A total of 882,966 foreigners residing outside the Temporary Accommodation Centers in Turkey benefitted from TL 6.5 billion ($243 million) in European Union aid last year, the T24 news website reported on Thursday, citing a minister.
Ahmet Vehbi Bakırlıoğlu, an MP from the main opposition Republican People’s Party (CHP), posed a parliamentary question regarding the social assistance provided to foreign citizens in Turkey to Family and Social Services Minister Mahinur Özdemir Göktaş.
In her answer, the minister stated that 4.4 million households, corresponding to 882,966 individuals, benefited from regular and periodic aid programs throughout Turkey last year, receiving TL 6.5 billion ($243 million) in total.
Göktaş underlined that the aid was provided within the scope of Social Cohesion Assistance, Supplementary Social Cohesion Assistance and Conditional Education Assistance for Foreigners programs financed by the EU.
The minister said the implementers of the programs are the ministry, the International Federation of Red Cross and Red Crescent Societies and the Turkish Red Crescent.
According to Göktaş, an amount of TL 4.2 billion ($157 million) was paid to 325,744 beneficiaries under the Social Cohesion Assistance program, TL 1.7 billion ($63 million) to 490,490 people under the Supplementary Social Adjustment Assistance program and TL 457.8 million ($17 million) to 667,325 beneficiaries under the Conditional Education Assistance for Foreigners program in 2022.
According to a migrant deal signed in March 2016, Turkey would keep asylum seekers from reaching the EU or, if they did, the EU would be able to send them back to Turkey. In exchange, Turkey would receive 6 billion euros to improve the humanitarian situation faced by refugees in the country.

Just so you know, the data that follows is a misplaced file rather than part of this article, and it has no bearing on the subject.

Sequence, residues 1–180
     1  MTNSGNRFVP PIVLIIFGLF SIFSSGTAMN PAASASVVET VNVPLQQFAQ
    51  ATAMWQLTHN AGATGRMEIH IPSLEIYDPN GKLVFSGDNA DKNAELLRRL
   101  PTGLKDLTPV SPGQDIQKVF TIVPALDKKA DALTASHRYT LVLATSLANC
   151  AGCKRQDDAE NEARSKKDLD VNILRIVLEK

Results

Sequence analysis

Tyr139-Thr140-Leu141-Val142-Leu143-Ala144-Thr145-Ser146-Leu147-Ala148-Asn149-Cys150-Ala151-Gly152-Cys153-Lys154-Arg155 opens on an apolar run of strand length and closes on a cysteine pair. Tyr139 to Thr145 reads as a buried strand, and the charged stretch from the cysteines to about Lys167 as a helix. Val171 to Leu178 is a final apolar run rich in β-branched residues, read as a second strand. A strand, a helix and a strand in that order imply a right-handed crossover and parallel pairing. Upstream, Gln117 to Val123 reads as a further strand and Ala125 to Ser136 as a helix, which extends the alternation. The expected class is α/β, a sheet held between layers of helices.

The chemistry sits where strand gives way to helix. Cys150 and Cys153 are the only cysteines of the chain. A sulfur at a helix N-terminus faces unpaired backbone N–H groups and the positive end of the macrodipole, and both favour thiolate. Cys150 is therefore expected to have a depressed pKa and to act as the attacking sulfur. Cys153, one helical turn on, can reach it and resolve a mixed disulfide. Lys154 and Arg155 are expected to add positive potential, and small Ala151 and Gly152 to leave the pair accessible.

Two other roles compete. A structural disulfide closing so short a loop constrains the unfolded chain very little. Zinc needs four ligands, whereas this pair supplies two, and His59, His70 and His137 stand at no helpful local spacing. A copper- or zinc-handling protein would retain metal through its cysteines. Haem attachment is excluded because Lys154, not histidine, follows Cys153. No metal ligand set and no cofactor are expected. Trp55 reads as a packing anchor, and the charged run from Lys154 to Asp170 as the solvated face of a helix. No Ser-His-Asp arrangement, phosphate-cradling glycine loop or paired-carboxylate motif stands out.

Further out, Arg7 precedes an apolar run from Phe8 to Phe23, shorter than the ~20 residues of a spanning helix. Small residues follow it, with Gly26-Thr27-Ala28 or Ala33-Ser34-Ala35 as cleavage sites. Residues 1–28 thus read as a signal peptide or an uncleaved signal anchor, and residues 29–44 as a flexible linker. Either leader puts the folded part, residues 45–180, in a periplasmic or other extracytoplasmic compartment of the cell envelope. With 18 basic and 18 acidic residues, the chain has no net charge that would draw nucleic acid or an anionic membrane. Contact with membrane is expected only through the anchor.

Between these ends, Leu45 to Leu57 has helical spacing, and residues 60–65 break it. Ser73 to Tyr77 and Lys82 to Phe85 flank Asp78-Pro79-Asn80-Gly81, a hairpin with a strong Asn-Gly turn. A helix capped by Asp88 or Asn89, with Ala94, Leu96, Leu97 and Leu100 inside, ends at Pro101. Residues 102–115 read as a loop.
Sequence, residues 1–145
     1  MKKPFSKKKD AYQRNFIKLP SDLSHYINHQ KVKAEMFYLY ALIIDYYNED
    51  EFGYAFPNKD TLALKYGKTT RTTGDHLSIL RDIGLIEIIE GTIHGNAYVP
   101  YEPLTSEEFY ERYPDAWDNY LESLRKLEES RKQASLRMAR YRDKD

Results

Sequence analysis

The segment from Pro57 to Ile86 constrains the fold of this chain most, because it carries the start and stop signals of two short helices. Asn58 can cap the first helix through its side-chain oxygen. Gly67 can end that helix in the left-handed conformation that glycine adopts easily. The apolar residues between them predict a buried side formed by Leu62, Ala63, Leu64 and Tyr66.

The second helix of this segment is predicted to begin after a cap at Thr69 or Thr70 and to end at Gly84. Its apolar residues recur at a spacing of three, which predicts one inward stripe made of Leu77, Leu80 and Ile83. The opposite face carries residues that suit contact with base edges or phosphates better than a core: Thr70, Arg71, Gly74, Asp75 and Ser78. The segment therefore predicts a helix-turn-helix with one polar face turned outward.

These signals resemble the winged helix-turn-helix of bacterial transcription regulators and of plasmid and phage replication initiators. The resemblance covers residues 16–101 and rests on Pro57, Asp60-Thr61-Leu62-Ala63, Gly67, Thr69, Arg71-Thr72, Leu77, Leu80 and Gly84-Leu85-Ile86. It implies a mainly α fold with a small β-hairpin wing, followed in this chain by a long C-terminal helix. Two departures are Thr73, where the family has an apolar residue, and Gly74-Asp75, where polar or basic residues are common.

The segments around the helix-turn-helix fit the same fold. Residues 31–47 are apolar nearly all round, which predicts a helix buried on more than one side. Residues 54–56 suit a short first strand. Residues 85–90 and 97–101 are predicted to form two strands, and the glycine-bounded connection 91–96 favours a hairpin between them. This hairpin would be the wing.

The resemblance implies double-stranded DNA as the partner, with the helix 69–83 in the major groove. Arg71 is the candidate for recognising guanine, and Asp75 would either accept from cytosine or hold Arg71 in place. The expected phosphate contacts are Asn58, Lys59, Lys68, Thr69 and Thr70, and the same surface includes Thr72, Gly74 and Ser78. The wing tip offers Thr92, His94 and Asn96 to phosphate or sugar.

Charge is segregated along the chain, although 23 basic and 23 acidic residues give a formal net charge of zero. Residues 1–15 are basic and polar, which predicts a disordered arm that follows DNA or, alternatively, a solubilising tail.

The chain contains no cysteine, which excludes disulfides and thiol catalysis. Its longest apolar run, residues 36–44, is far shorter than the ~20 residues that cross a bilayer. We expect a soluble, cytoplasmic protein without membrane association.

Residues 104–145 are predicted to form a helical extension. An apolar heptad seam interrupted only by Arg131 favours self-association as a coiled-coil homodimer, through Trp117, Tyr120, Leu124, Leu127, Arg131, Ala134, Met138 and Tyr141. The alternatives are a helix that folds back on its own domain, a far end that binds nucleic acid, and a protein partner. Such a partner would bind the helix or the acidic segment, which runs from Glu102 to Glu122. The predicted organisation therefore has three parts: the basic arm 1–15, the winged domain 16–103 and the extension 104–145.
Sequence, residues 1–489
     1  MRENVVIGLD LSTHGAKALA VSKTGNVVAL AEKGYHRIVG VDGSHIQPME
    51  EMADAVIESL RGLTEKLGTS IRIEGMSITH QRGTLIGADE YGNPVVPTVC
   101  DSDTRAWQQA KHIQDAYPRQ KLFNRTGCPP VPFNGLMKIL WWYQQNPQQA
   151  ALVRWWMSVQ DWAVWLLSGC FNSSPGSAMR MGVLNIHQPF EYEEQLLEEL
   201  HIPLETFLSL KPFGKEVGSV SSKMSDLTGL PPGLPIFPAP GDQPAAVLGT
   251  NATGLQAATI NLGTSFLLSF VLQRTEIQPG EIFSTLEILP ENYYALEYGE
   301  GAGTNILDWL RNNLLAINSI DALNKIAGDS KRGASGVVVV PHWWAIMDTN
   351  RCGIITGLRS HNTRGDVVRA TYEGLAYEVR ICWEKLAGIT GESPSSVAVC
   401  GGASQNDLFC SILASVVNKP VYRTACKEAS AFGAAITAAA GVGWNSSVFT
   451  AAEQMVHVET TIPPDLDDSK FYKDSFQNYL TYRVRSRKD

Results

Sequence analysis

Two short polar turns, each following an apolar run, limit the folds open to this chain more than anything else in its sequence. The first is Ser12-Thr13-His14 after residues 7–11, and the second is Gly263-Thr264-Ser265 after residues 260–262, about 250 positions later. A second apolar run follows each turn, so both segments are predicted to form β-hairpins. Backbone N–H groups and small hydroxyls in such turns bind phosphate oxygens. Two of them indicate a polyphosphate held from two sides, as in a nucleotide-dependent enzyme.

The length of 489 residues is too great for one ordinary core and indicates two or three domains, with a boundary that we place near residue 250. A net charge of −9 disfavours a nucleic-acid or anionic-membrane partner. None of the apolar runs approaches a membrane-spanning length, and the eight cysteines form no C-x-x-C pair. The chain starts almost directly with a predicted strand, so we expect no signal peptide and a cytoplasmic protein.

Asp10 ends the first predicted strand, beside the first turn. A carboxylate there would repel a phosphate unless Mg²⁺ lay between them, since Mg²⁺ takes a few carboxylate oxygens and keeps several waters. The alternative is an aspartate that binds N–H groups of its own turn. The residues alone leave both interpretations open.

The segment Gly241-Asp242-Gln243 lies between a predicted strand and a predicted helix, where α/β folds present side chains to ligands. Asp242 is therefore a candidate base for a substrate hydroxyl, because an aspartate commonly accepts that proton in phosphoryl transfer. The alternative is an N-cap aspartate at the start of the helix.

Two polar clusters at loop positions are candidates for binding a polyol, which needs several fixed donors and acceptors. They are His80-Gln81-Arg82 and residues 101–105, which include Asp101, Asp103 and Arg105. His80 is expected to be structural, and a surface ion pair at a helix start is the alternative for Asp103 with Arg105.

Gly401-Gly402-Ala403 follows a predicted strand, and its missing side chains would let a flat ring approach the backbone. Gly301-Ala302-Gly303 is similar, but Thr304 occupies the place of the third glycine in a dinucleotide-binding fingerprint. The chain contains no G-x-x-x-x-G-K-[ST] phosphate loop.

Turkey hosts nearly 3.3 million Syrian refugees who have fled civil war and were registered under temporary protection status as of August 2023, according to official figures.
Refugees in Turkey are frequently targeted by Turkish politicians, who hold them responsible for the social and economic problems in the country.
Attitudes about refugees fleeing the long conflict in Syria have gradually hardened in Turkey, where they used to be welcomed with open arms, sympathy and compassion, as the number of newcomers has swelled over the past decade.
Since the EU-Turkey migrant deal, an agreement criticized by rights groups that foresaw the payment of 6 billion euros to Turkey to keep asylum seekers from crossing into Bulgaria and Greece, the number of migrants and refugees arriving in Greece has fallen sharply. In 2015, 856,000 crossed the Aegean Sea, dropping to 173,000 the next year and to 30,000 in 2017.
In December 2020 the EU said it had allocated to Turkey the full 6 billion euros ($7.3 billion) pledged in 2016.
The EU funds were earmarked for specific social projects inside Turkey to help refugees and were not paid directly to the Turkish government.